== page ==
Chelsea Chamberlain is a 2018-2019 Research Fellow and Ph.D. Candidate at the University of Pennsylvania.
In the late nineteenth- and early twentieth-century United States, psycho-medical experts and lawmakers established a growing network of diagnostic clinics that aimed to sort America’s children into the normal, curably abnormal, and incurably “defective.” Clinics in public schools, institutions, municipal courts, and universities pursued a “sifting out” that would “clear the way for twentieth century progress” by placing those deemed incurable in institutions for the feeble-minded. Most superintendents and other diagnostic experts believed ridding the nation of the feebleminded “menace” justified state-mandated institutionalization. Scholars have detailed the ways that such experts used state power to institutionalize against their will poor, immigrant women deemed sexually immoral. Yet many of the residents of these institutions were admitted as children or adolescents at the behest of their families, not by compulsory commitment.
My dissertation, “Hope and Human Defect in Progressive America,” explores the non-eugenic purposes and expectations with which families engaged eugenic institutions between 1880 and 1920. Families with children deemed feebleminded strategically subjected themselves to clinics and institutions to meet wide-ranging emotional, medical, and material needs. Consent and coercion blurred when disabled people and their families sought care they believed could not be obtained elsewhere. By demonstrating how families participated in and challenged processes of diagnosis and institutionalization, my dissertation sheds light on the tense relationship between progressivism’s grand vision for society and everyday people’s hopes for themselves and their children. As families and institutional residents grappled with experts, I argue, they transformed the bounds of medical and legal possibility in Progressive Era struggles over the definition of childhood, the role of education, and the requirements of citizenship.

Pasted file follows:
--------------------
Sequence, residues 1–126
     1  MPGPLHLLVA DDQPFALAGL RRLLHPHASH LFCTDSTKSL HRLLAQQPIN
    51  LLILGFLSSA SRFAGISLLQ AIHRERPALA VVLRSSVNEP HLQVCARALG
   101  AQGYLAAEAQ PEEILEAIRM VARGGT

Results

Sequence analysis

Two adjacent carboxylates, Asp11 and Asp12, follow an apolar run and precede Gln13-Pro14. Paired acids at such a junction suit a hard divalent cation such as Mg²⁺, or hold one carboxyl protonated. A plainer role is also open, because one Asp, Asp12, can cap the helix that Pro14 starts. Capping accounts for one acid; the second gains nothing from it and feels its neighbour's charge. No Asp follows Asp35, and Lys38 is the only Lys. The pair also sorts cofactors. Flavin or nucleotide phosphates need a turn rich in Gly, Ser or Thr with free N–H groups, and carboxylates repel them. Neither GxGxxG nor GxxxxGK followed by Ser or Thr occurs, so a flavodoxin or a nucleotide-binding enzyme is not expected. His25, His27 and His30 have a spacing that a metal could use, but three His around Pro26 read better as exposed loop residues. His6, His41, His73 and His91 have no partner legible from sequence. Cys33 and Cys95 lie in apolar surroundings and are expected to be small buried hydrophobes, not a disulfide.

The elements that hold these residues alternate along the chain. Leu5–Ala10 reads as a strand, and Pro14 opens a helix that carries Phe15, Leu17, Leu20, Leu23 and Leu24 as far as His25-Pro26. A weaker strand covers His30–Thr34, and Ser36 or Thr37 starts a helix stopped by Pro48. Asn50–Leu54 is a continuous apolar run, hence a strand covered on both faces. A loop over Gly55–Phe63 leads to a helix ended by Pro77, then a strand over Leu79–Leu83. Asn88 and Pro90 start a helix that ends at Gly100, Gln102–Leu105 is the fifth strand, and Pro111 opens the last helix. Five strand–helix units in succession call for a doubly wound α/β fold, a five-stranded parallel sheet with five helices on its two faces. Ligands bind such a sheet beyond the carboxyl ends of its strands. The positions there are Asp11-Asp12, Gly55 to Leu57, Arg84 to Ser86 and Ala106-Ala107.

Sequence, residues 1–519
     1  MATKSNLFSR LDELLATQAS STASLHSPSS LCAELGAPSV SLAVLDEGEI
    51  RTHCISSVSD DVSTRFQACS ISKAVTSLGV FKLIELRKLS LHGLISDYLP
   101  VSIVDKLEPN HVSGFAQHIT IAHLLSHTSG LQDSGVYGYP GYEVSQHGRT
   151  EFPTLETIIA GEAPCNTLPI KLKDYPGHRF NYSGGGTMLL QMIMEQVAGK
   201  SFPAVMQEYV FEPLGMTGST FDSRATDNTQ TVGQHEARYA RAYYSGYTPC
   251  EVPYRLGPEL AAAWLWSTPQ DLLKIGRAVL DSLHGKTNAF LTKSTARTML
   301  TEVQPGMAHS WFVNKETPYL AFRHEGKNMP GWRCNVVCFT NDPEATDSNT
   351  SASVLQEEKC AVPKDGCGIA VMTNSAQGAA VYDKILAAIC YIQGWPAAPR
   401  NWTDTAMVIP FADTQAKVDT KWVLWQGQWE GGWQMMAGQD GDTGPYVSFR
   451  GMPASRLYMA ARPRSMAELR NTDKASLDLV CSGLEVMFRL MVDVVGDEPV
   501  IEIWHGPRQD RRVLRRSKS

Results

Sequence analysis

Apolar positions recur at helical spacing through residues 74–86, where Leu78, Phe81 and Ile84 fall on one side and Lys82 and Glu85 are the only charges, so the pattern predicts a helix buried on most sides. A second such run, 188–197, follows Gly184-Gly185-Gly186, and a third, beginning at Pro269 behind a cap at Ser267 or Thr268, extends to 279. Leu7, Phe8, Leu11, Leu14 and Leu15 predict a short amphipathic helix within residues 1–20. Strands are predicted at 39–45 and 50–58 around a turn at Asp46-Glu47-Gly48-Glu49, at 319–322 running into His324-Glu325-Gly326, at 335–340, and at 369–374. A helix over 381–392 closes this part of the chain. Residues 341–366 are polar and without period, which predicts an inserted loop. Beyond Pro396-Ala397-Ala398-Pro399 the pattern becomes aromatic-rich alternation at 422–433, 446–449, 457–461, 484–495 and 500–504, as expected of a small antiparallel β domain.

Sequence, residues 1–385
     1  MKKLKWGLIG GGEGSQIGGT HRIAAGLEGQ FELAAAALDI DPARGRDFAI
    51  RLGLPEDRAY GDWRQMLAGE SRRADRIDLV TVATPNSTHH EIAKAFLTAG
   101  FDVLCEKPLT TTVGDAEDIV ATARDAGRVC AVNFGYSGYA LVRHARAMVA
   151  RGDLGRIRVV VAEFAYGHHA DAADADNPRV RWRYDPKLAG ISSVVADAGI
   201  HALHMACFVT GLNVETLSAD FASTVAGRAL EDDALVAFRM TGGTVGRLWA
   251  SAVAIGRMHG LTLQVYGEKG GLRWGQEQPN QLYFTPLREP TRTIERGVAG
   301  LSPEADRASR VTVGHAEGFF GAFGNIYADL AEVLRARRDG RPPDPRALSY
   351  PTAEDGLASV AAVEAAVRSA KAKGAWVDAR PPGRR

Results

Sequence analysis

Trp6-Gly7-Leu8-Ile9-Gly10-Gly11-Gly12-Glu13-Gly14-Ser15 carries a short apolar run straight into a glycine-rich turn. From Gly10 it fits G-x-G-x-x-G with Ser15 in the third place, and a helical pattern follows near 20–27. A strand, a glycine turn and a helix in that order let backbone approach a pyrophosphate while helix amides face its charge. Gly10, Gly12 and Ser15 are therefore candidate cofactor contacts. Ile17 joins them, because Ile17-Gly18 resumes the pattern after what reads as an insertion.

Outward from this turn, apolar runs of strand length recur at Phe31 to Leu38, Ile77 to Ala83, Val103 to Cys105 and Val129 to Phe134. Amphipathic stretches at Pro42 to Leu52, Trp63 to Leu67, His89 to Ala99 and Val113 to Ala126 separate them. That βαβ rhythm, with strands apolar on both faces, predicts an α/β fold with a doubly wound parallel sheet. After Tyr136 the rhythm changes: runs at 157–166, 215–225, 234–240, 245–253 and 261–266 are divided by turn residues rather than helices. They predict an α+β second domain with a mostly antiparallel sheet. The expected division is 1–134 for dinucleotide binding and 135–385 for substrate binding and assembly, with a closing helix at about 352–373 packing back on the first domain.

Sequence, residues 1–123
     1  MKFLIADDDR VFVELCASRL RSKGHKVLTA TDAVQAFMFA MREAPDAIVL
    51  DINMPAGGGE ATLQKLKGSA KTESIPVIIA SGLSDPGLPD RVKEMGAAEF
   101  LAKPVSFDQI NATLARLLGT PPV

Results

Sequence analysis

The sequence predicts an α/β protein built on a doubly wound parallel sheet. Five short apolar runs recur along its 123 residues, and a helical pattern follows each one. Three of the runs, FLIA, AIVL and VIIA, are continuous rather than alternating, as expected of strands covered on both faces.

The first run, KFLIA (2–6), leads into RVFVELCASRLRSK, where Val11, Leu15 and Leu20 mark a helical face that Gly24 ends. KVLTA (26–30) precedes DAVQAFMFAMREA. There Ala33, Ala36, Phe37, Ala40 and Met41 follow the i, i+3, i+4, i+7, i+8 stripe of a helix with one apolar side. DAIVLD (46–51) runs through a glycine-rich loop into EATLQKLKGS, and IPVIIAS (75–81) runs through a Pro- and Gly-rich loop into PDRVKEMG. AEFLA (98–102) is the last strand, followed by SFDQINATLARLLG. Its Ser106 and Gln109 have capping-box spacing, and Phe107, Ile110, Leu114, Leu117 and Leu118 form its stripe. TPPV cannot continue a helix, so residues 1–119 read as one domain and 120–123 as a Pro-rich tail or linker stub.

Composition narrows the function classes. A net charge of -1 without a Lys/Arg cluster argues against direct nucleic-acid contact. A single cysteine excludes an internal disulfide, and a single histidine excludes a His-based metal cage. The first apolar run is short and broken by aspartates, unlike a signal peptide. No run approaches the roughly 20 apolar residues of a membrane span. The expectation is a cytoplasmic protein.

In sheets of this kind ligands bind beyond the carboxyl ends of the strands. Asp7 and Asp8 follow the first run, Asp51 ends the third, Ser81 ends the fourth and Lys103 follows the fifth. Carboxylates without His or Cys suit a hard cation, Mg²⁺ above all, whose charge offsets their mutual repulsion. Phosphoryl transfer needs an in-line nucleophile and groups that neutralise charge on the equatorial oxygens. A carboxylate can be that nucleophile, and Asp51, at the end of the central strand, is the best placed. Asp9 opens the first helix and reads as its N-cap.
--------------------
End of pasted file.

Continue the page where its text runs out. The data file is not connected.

As a 2018-2019 research fellow for the CHSTM, I conducted research at the College of Physicians of Philadelphia, American Philosophical Society, University of Toronto, Cold Spring Harbor Laboratory, and Rockefeller Archive Center. Together, these archives helped me place my primary case study, the Pennsylvania Training School for Feeble-Minded Children at Elwyn, into a much broader context that includes additional institutions for the feebleminded, child guidance clinics, popular literature, and varied groups dedicated to studying feeblemindedness. This research also made it possible to consider families’ fraught relationships with institutional care alongside the ways that experts relied on those families for the data that fueled and at times frustrated their eugenic ideologies and policies.
At the College of Physicians of Philadelphia, Beth Lander worked with me to identify a wide range of ephemera and advertisements from area institutions for the feeble-minded, as well as reports from Philadelphia investigatory committees. Most exciting was the collection from the Elm Hill Private Institution for Feeble-Minded Youth, which contains correspondence, student and teacher diaries, and other record books that give a detailed look at on-the-ground life in a small private institution in Massachusetts.
These records show that seeking institutional care could be a difficult decision for families to live with. In the 1890s, one mother lamented to the superintendent of Elm Hill that she keenly felt her recently-institutionalized daughter’s absence. She had been her daughter’s full-time nurse until she felt the task became too demanding for either her or a trained nurse to handle. She had then turned to Elm Hill as her “little girls future home.” The absence of their busy daughter, whose “feet were tramping all over the house constantly” left the home “so orderly and quiet, it is quite painful.” In Elm Hill, this mother saw the chance for an alternative family life for a daughter who she was no longer able or willing to accommodate within her own. Other families often sought institutional care as a form of boarding school. There, they hoped short-term training would cure their young relative, or at least equip them with habits of cleanliness and work that would enable them to rejoin their home as economic contributors.